In the parking lot of a small tenement block on the edge of Taipei City, Dzeng Wen painstakingly picks through trash, sorting plastics from paper and food scraps from general waste.
To the casual observer the dirty job could be an example of an environmentally aware neighbor doing a good turn. But the daily recycling routine has a financial motive pressed upon citizens by the authorities.
Dzeng's tenement block was one of the first to be hit with a fine, of NT$6,000 (US$193), for failing to separate recyclables from general household trash.
The married mother of two and her fellow residents now forensically examine other people's trash for signs of offending items to avoid a repeat fine.
"I have always been careful by trying to throw out less trash and make sure that most of it can be recycled," Dzeng said. "But it takes everyone to try otherwise the environment will suffer, and I will end up having to pay more fines for others' inconsiderate behavior."
The scheme introduced in April is part of an ambitious government plan to slash household non-recyclable waste from 80 percent of garbage to 25 percent by 2020.
Some 10 cities and counties have been slapping fines of between NT$1,200 to NT$6,000 on violators who must classify trash into three categories: ordinary garbage, recyclable garbage and food scraps -- before they are taken out to waiting garbage trucks and are inspected by trash collectors.
The program is scheduled to be expanded to all 25 cities and counties nationwide next year.
The initiative is designed to create a more desirable living environment but ultimately to stem the rising level of trash that is threatening the quality of life for the nation's 23 million inhabitants.
Despite introducing recycling schemes in the mid-1990s, many residents have failed to support the policy, unlike Dzeng and other vigilant citizens.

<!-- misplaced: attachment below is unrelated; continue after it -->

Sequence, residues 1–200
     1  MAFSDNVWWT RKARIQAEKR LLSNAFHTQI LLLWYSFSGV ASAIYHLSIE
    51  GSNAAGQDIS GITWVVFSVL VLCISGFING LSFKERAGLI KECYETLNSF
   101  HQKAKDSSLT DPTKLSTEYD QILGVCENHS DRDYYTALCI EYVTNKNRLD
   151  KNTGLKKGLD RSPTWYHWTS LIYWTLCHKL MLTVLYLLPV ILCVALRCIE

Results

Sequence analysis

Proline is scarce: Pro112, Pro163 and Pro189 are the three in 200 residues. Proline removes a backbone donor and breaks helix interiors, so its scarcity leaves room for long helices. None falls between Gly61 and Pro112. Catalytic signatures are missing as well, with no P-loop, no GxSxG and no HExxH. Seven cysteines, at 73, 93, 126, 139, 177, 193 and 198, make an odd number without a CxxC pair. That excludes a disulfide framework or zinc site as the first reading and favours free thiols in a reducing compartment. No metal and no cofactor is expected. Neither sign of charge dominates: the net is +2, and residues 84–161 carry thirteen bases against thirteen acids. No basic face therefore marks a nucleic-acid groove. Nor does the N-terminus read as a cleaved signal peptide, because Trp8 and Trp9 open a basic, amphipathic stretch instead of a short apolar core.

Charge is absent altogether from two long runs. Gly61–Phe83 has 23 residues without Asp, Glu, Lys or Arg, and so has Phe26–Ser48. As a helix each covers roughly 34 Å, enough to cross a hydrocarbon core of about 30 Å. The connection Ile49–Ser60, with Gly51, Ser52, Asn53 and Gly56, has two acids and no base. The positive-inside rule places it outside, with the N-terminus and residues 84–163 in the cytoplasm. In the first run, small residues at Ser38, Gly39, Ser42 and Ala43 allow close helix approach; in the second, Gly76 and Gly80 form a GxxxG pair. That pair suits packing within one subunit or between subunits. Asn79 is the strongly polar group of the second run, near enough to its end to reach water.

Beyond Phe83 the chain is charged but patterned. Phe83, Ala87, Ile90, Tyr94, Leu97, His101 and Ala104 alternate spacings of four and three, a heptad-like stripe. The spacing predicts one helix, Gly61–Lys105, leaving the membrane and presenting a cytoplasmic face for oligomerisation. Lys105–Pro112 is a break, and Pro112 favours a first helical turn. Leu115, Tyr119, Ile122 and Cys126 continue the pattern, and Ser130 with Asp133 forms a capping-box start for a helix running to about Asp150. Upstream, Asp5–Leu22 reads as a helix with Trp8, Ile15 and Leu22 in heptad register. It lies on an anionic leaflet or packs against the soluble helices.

Recycled garbage only accounts for 20 percent of annual waste from households or businesses from a total of 6 million tonnes last year.
A combination of apathy and rapid economic growth has put environmental concerns on the back burner.
"Generally speaking the environmental situation on the island is getting worse," a source at the non-governmental Taiwan Environmental Protection Union said.
"People are using more energy than ever and are being ever more wasteful because they choose economic growth over environmental protection," the sources said.
More than 50 years of rapid economic development have resulted in a booming consumer culture fueled by Taiwan's younger generation, who have only known prosperity and seem determined to enjoy the nation's riches on their own terms.
Buying the latest fashions and gadgets from the US and Japan may be a necessity for social acceptance, but the price is a ballooning mountain of waste.
Scant space and full landfill sites have forced the government to seek new measures.
Taiwan has 200 landfills which are expected to be full in two years, the Environment Protection Administration says. Then the nation will be dependent on more incinerators.
They already manage two-thirds of non-recycled waste -- notorious for emitting toxic fumes that have proved unpopular with residents.
Taipei's environmental successes are often credited to the mayor, Ma Ying-jeou (
Now Taipei's refuse production has dropped by 54 percent, Chen Yeong-ren (
He said forcing residents to pay for translucent non-reusable bags in 2000 also helped cut down on the total waste.
"People can live with the inconvenience of waste management measures, or they can have landfills and incinerator facilities built near their homes," Chen said.
Every evening, as the melody of Beethoven's Fuer Elise rings out from the garbage truck loudspeakers, Dzeng and her fellow residents hurriedly haul separate bags of garbage, plastics, paper and aluminum cans to a street corner to get ready for the arrival.
"I guess issuing fines is the only way to make Chinese people recycle," Dzeng said. "A lot of people simply don't care about general quality of life, but at least they understand the meaning of hard cash."
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